If you feel like summer is a time for popsicles in the grass and for finally closing the 200 internet tabs that have stressed you out for the past six months, trust me when I say I feel you.
So if you’ve been taking a much-needed vacation from the twittersphere, let today’s roundup give you a few notes on the current Canadian discourse on gender issues:
“Ontario students will be taught the 1998 sex-ed curriculum, education minister says” (The Star)
A major throwback: After months of debate about sex-ed across the province, Ontario’s newly elected premier Doug Ford scrapped the updated sex-ed curriculum developed in 2015, opting to teach students the old curriculum launched in 1998, whose lessons predate “same-sex marriage, Google, and social media,” as the Star points out. Though by July 16, Ontario’s education minister seemed to be reconsidering, as she said students might learn about topics like consent, cyberbullying and gender identity, after all. Fingers crossed.
“McGill University professor sues student and colleague for $600K” (CBC)
A McGill professor has filed a $600,000 lawsuit against a student and fellow professor for allegedly damaging his reputation and his “right to privacy.” Ahmed Fekry Ibraham says he had a consensual relationship with a McGill student three years ago, but says rumours and student organizing against the relationship were aimed to rob him of his chance to get tenure. According to the story, Ibraham’s lawyer, Julius Grey, says that the “epidemic of #metoo complaints has gone too far.”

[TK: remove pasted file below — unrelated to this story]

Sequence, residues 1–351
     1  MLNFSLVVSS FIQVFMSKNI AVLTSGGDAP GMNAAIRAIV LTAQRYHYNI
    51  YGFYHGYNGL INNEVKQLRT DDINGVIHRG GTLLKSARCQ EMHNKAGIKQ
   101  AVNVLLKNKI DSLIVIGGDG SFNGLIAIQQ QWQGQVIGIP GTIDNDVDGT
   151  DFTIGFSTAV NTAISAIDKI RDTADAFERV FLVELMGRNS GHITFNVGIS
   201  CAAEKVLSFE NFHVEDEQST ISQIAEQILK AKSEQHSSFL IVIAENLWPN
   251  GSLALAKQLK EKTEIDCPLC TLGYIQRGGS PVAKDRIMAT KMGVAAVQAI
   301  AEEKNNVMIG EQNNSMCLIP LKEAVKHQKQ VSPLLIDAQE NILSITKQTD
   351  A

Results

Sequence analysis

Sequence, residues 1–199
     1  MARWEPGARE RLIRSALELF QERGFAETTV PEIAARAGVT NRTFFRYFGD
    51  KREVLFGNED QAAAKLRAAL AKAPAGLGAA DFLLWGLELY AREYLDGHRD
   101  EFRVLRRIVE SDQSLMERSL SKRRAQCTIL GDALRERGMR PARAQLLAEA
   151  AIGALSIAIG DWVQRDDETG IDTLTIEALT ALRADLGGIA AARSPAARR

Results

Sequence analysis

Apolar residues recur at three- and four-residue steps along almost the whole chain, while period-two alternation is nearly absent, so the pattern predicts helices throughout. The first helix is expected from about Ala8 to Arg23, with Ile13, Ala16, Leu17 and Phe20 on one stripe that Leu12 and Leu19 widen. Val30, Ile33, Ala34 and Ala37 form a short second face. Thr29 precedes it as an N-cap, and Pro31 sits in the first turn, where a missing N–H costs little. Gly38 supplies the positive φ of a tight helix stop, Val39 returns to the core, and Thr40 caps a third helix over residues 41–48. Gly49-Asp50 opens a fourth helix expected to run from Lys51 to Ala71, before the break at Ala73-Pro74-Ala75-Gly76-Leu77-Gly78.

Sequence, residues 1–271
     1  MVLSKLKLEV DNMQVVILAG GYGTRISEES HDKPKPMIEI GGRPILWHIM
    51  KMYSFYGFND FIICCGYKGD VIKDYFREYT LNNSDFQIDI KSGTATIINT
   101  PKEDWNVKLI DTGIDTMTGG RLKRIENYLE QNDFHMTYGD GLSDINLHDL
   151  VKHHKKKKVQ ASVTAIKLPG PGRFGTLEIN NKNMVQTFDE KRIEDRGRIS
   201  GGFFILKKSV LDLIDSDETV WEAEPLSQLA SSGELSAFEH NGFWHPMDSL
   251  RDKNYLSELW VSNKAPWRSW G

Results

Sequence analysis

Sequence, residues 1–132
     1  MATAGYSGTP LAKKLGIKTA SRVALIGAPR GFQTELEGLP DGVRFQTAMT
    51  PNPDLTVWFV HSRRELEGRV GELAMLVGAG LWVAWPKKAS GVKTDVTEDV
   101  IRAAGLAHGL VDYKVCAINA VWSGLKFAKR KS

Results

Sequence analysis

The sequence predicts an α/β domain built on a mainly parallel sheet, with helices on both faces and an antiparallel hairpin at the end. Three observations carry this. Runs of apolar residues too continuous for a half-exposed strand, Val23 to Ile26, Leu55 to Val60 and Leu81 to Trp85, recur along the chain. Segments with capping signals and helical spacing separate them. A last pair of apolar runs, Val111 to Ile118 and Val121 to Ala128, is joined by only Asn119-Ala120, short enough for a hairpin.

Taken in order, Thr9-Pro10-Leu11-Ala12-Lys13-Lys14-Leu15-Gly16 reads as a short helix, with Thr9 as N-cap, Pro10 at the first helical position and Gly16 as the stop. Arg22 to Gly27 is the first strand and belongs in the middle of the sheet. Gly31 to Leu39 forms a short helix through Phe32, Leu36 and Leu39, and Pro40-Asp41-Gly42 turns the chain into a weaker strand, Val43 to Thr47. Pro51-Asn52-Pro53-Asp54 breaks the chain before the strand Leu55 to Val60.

Canada’s Housing Crisis Brings Violence to Poor Women (The Conversation)
While Vancouver is often deemed the most livable city in the world, it’s not news that the city is also in the midst of a housing crisis. And that crisis is most deeply felt by marginalized communities, including poor women. According to Alexandra Collins, a research associate at B.C’s Centre on Substance Use and a PhD candidate in health sciences, housing instability makes women more vulnerable to physical and sexual violence.
“Violence against poor women in Vancouver remains normalized and pervasive,” she writes. “It isn’t something that can be escaped as it extends into low-income housing and is reinforced through low-income male-centered housing models, building policies and surveillance tactics (or lack thereof).”
Meet With/Out Pretend
Over the past month I’ve spent in the GTA, I was lucky to attend two storytelling events hosted by With/Out Pretend, “an independent Toronto-based publisher focused on producing, promoting and distributing works by women, including those who identify as femme, queer, trans, and persons of colour.”
The first was about unpacking unresolved romantic feelings, and the second about destigmatizing and celebrating bodies that might sometimes be deemed unruly. I loved the idea of the events, and left each inspired by the talent and honesty of the written work and storytelling of each woman who performed.
I asked Erin Klassen, With/Out Pretend’s founder, about the organization’s roots. “We started hosting storytelling events for the same reason we wanted to make collaborative, personal book projects — to let women-identifying (and non-binary) folks tell their own stories, the kinds of stories that really matter to them. We hope to make space for [the] kind of topics that often come with stigma or shame, like women’s feelings about love and heartbreak, or about our experiences living in bodies that are sick, fat, disabled, queer, Black, or ‘othered’ in some way,” she told me in an email.
“I think it’s extremely important to bring people together to connect about the shared feelings and experiences that make us human, and I’m thrilled that these storytelling events have been well received so far,” she added.